[% setvar title Attributes for compiler hints %]
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Attributes for compiler hints
Maintainer: Simon Cozens <firstname.lastname@example.org> Date: 25 Sep 2000 Mailing List: email@example.com Number: 297 Version: 1 Status: Developing
Allow the user to provide type hinting to the Perl translator using variable and subroutine attributes.
I AM NOT ADVOCATING STRONG TYPING.
When people talk about a Perl compiler, what they actually want is a
translator; they don't want the hassle of a Perl run time environment. A
true Perl-to-C translator for Perl 5 may or may not be possible; for
Perl 6, it should be possible. Even if it isn't totally possible,
this RFC will still apply to whatever replaces
Even so, we'd need to lug around the new SVs for each Perl variable. This proposal allows the user to give hints to optimise the variables used by the translator, and narrow the gap between Perl and the target language.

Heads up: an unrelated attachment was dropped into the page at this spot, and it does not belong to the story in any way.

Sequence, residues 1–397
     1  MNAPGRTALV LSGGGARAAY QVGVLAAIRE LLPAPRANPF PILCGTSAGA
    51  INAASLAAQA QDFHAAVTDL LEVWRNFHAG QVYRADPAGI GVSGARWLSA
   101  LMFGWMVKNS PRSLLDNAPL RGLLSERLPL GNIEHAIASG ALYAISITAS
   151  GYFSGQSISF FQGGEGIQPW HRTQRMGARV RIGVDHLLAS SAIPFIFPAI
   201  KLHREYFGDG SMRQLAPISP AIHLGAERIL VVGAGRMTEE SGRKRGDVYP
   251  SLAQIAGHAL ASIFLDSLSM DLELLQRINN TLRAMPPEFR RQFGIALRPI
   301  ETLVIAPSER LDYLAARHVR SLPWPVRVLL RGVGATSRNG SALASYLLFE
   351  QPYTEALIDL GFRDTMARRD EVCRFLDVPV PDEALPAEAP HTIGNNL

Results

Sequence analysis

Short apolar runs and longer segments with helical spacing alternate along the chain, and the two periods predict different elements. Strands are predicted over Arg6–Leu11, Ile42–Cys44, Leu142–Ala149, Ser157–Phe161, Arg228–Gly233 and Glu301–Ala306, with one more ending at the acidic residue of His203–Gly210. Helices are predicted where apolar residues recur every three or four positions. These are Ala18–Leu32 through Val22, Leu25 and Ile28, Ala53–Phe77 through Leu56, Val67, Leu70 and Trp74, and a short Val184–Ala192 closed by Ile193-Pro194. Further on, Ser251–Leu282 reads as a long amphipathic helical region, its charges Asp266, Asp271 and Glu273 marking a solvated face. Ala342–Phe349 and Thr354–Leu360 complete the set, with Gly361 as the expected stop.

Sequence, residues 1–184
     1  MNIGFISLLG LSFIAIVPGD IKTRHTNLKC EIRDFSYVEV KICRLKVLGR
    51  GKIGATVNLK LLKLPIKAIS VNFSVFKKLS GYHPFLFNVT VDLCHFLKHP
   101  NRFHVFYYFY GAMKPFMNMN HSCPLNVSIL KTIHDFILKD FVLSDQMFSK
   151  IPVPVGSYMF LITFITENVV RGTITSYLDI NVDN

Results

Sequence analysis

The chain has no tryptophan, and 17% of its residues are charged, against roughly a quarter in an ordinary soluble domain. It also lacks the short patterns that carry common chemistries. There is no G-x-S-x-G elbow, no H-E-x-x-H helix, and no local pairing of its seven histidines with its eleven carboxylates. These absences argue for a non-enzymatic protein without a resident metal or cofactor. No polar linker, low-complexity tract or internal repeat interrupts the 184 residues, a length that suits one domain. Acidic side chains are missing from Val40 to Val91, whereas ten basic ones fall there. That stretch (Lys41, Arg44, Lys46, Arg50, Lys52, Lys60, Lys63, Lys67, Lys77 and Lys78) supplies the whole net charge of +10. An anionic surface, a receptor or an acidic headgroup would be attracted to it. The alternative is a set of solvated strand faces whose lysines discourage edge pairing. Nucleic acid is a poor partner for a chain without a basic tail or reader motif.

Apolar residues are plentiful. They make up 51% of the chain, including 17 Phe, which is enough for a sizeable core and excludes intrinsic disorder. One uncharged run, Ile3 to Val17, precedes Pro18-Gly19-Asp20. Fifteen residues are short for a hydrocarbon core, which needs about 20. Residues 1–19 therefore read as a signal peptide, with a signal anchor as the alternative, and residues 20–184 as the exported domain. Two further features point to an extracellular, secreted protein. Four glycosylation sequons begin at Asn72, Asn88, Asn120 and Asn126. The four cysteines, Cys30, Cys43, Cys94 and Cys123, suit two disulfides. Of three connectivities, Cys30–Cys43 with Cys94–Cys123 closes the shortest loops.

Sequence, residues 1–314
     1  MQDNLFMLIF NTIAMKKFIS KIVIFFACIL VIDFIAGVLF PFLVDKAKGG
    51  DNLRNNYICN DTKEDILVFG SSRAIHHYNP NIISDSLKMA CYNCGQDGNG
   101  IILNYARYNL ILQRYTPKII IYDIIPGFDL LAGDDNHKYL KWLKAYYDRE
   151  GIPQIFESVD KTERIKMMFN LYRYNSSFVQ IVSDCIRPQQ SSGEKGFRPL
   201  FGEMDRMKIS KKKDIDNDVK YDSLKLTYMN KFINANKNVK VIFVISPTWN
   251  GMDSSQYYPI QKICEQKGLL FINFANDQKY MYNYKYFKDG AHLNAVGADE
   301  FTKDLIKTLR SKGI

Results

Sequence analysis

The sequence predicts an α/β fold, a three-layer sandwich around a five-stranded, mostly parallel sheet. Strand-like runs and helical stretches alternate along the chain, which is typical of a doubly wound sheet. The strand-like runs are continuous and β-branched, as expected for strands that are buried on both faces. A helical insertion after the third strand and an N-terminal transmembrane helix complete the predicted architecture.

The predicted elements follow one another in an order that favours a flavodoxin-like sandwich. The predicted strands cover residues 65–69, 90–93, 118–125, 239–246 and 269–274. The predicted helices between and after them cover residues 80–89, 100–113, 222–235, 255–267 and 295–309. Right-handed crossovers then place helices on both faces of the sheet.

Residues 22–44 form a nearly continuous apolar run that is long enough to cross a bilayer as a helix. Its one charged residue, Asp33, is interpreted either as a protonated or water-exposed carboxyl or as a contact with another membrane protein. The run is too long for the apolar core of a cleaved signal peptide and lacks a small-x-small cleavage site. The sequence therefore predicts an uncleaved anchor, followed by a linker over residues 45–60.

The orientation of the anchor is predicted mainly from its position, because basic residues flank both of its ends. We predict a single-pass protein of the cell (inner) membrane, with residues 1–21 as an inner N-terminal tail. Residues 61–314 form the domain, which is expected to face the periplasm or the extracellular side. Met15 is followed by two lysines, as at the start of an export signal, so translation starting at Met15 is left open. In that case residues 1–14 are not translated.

Note that this is for the translator and for the translator only; it has no effect on what happens when the user's program is interpreted using the normal perl bytecode compiler and virtual machine. The hints are non-binding. You can quite easily say:
my $x : integer; $x = 0.5;
The Perl interpreter will ignore the hint at run time; or, at least,
it'll try using an
int and find it needs to convert to a
best and an
SV at worst. The interpreter will Do The Right Thing,
However, if you want to translate the thing to C or any other typed language, that's going to blow up. It might not compile, or it might compile and behave weirdly. Your fault. Lie to Perl, and it will get you.
Have the translator or compiler recognise sub and variable attributes
float and so on. Attempt to use
the appropriate type when translating Perl to a typed language. No
effect on the Perl interpreter; ignore the attributes.
RFC ??: "Kick out all ops - libprt".